I cheered for the Green Bay Packers recently and I’m morally conflicted about it.
Not that there’s anything wrong with cheering for or not cheering for the Packers. Most of my congregation members are Packer fans. In fact, even as a lifelong Minnesota Vikings fan, I used to back the Pack when they played other teams. It’s part of my provincial nature to favor teams from the Midwest.
But after living in Wisconsin and taking abuse from Packer fans over the past couple of decades, I have gradually found life to be better when the Packers experience limited success.
Nonetheless, while on vacation this January, I found myself rooting hard for Green Bay in their playoff game. The reason? They were playing the Dallas Cowboys. While I don’t care for the Packers, I really don’t like the Cowboys, for reasons that are not relevant to this discussion.
My moral distress comes from the fact that I have been preaching for years that love is stronger than hatred. I’ve been arguing that we must let ourselves be ruled by love and not hatred. Yet my allegiances in the football playoffs were dictated strictly by negative energy rather than positive.
As I reflected on this, I became disturbed by other evidence of the power of hatred. I have witnessed, up close, churches that are fueled largely by hatred. They seem to be doing alright. In fact, their consuming hatred has given them a passion and an energy that I never witnessed before they chose to go in this direction.
The idea that hatred is stronger than love is conventional wisdom in politics. Why are we bombarded by negative advertisements during election years even though everyone professes to despise them? Because it’s been proven to work. The political reality of our times is that people are far more easily persuaded to vote against someone than for someone. You can win more votes, more money, and more passionate commitment by stoking hatred than by spreading love.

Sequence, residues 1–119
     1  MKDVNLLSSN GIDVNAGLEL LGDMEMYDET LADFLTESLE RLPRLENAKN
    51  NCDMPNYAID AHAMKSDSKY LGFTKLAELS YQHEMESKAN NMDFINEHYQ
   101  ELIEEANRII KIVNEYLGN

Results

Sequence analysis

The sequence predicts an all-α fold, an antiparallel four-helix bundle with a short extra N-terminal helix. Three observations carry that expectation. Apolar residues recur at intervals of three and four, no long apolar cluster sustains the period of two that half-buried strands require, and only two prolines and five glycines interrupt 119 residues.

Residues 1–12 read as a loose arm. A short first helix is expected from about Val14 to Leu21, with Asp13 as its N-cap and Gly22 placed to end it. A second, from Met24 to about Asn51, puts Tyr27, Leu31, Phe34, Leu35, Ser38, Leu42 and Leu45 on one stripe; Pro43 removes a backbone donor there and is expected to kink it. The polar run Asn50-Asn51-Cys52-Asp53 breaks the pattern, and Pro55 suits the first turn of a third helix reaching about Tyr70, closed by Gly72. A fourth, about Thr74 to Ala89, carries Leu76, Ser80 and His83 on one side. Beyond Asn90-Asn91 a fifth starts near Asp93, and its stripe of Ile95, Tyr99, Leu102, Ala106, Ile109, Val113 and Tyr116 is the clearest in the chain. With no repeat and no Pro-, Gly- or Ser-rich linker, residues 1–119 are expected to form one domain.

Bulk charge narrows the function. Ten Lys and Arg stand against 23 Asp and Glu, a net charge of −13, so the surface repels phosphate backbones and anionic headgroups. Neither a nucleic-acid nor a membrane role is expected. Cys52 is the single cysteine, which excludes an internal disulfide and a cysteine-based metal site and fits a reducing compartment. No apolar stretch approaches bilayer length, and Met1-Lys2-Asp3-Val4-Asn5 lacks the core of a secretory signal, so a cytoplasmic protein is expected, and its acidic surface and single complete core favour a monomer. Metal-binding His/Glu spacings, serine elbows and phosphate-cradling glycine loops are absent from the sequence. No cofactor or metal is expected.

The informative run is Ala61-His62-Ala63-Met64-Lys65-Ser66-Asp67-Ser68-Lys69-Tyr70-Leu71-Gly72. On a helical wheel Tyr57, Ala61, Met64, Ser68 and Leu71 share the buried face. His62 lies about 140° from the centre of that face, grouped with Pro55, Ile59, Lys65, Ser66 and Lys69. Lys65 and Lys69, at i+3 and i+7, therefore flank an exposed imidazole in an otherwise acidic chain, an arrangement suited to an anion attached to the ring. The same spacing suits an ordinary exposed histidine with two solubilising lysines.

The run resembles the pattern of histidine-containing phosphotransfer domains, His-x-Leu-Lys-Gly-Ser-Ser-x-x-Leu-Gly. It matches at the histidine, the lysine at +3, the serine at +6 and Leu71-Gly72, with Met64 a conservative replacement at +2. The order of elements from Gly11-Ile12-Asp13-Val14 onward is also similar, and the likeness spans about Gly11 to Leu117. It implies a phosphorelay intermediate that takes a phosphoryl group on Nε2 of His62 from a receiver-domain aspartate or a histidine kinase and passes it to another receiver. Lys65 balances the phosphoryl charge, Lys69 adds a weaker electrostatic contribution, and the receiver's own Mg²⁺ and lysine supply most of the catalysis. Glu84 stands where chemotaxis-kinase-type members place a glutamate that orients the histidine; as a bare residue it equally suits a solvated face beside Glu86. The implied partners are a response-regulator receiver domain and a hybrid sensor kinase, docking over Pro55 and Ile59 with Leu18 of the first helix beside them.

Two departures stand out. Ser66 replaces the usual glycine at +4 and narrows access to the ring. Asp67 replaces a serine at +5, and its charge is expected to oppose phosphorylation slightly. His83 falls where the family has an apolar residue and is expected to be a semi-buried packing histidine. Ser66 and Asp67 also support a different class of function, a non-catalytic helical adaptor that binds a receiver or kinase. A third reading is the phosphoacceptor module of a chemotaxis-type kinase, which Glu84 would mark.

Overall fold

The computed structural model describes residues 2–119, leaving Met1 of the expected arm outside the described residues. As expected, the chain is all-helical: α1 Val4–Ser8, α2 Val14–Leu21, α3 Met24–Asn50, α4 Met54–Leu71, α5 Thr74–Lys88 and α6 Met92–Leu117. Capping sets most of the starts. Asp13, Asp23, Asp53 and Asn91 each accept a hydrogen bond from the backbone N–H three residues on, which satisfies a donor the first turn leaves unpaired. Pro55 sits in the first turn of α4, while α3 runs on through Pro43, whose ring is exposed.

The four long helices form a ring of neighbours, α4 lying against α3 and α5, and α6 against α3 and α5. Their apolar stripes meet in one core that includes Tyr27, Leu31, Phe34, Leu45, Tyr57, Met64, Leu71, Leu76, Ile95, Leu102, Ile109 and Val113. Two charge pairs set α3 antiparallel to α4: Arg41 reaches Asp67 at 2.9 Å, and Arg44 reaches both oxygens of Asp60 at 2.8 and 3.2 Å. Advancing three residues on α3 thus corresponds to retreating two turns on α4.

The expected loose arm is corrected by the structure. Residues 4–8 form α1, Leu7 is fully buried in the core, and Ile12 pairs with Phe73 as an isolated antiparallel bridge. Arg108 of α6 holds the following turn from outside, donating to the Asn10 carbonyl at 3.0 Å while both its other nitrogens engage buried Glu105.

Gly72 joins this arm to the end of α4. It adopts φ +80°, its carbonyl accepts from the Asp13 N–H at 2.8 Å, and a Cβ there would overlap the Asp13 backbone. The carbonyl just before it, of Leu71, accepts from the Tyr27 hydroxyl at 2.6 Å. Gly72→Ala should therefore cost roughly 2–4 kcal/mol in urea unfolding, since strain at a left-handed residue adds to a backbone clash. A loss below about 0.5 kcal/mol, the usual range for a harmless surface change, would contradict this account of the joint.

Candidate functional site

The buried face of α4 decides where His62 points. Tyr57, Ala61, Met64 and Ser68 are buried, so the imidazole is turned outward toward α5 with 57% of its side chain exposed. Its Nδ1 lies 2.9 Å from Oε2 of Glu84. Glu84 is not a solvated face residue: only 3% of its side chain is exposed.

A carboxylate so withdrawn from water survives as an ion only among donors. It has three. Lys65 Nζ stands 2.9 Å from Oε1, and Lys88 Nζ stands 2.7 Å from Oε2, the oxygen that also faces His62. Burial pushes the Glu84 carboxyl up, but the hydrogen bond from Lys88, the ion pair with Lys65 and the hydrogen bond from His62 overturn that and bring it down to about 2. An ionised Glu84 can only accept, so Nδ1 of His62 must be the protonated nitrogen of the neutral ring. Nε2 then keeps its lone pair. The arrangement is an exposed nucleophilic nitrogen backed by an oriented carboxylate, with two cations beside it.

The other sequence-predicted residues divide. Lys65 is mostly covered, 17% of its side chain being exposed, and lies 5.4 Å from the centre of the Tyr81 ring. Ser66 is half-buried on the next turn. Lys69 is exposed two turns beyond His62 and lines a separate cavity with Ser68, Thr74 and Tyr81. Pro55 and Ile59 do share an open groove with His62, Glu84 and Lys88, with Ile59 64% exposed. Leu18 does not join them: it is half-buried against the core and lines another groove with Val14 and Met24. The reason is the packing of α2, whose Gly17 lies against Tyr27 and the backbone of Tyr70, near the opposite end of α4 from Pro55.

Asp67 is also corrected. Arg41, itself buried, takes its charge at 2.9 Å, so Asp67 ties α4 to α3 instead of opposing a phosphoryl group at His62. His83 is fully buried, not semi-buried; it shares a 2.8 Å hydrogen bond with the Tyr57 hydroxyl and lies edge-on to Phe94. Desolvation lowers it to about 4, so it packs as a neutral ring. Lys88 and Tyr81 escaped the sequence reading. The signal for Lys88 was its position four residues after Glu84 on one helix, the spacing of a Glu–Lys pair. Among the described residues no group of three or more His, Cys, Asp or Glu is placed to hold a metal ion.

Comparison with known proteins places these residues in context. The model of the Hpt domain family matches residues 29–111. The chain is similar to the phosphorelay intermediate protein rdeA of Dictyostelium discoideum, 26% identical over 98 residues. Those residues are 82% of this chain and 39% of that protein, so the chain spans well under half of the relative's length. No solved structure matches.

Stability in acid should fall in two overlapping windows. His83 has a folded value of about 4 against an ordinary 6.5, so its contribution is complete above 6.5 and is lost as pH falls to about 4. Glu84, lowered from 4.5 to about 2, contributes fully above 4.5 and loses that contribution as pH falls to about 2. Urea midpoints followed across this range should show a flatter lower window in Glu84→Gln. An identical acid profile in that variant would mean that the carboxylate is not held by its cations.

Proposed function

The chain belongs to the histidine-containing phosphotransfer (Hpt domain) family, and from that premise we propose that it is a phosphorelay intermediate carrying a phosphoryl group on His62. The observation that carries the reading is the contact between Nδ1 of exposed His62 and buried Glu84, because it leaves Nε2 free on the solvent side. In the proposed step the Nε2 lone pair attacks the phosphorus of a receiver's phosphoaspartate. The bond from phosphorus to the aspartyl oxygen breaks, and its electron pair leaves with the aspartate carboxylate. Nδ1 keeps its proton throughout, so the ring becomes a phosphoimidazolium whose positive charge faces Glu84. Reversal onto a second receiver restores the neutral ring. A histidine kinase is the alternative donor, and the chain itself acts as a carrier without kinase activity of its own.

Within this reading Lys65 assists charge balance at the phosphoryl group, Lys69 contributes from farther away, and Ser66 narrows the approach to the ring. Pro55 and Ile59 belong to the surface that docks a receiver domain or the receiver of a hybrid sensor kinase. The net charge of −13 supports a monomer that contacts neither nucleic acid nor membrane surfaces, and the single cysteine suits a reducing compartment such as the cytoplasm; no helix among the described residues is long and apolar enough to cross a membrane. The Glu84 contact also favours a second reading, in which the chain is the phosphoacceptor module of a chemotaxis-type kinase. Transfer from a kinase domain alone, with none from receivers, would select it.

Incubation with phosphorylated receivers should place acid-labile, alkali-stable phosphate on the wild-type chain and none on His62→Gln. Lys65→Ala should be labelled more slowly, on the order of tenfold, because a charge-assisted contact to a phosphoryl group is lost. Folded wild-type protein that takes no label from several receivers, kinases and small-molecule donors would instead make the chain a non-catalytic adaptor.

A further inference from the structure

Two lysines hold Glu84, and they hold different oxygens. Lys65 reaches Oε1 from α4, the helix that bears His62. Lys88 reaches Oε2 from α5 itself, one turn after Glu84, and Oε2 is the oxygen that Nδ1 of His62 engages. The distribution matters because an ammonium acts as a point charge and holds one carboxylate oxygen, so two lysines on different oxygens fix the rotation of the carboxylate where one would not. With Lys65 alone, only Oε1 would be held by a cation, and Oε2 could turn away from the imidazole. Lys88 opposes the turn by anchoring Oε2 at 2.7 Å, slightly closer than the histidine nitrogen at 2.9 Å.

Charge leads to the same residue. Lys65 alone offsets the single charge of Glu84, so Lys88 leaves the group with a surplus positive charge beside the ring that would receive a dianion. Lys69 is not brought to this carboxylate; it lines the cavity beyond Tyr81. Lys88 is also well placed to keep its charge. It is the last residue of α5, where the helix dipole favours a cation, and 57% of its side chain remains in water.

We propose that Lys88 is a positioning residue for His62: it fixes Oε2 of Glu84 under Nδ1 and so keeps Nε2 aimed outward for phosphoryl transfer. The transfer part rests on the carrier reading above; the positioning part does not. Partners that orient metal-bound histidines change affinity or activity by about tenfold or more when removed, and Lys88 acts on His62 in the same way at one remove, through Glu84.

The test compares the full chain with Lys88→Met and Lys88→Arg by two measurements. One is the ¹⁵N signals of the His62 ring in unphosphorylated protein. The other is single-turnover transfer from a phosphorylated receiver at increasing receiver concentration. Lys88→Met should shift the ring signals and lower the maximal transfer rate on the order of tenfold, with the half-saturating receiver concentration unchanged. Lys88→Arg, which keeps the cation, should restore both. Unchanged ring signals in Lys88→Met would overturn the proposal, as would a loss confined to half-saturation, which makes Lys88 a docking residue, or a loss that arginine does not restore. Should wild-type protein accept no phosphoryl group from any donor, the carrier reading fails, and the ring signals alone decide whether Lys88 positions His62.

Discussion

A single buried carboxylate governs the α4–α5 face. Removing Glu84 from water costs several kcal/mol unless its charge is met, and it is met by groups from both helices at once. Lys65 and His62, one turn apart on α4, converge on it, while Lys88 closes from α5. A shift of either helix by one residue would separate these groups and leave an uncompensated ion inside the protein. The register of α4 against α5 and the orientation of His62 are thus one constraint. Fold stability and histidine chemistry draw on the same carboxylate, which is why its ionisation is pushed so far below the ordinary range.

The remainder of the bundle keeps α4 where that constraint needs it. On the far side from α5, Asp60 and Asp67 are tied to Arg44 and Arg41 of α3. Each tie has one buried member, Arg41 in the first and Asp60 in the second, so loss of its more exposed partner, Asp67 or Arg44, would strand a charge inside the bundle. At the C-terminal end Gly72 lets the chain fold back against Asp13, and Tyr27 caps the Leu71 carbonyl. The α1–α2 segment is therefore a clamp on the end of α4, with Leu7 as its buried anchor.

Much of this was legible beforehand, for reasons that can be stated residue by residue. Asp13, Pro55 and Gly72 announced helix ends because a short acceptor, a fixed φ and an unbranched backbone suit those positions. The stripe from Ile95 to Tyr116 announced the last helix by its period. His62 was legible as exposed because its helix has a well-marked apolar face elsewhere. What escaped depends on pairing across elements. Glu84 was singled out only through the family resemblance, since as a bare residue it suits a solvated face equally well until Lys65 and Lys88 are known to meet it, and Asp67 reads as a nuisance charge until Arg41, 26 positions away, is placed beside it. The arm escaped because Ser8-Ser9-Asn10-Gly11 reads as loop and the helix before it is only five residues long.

We see the same thing time and again in efforts to promote peace throughout the world. There are thousands of decent, compassionate, self-sacrificing people trying to bring reason and compassion and peace and understanding to the volatile regions of the world. They don’t seem to be making much headway against the winds of hatred.
So given all that, how can I preach a message that agape love will conquer all? I admit I have been struggling with this.
I guess my temporary understanding of this is two-fold:
First of all, who ever said it would be easy? Evil is powerful. Sin is powerful. Hatred is powerful. Overcoming these things in ourselves, much less in the world, is not a stroll in the park. The Gospel message does not work like a powerful antiseptic, easily and automatically wiping out the germs of evil wherever they are found.
That’s why good preaching is necessary. We have a lot of work to do in this struggle to make known the love of God, which was made known to us in Jesus Christ. I don’t see that this task is ever going to be easy. A strong warrior may easily overcome a weaker one; but even a strong warrior (despite cinematic celebrations to the contrary) will struggle versus a horde of weaker foes.
Secondly, faith convinces us that, in the word of the hymn, This is My Father’s World, “Though the wrong seems oft so strong, God is the ruler yet.”
While recognizing the power of evil, we firmly proclaim a word of hope and of faith. God is the greatest power in the universe, and God’s defining nature is love. Therefore, love is the greatest power in the universe.
Evil has the power to do tremendous damage in the short run. Ultimately, though, it never leads to success. Hatred in politics ultimately leads to failure in governing and diplomacy. Hatred in a church never leads to any sustaining, constructive faith.
Love is the only thing that leads to success. If creation is going to work, God’s love is the only thing that will make that come to pass.
That’s why we preach.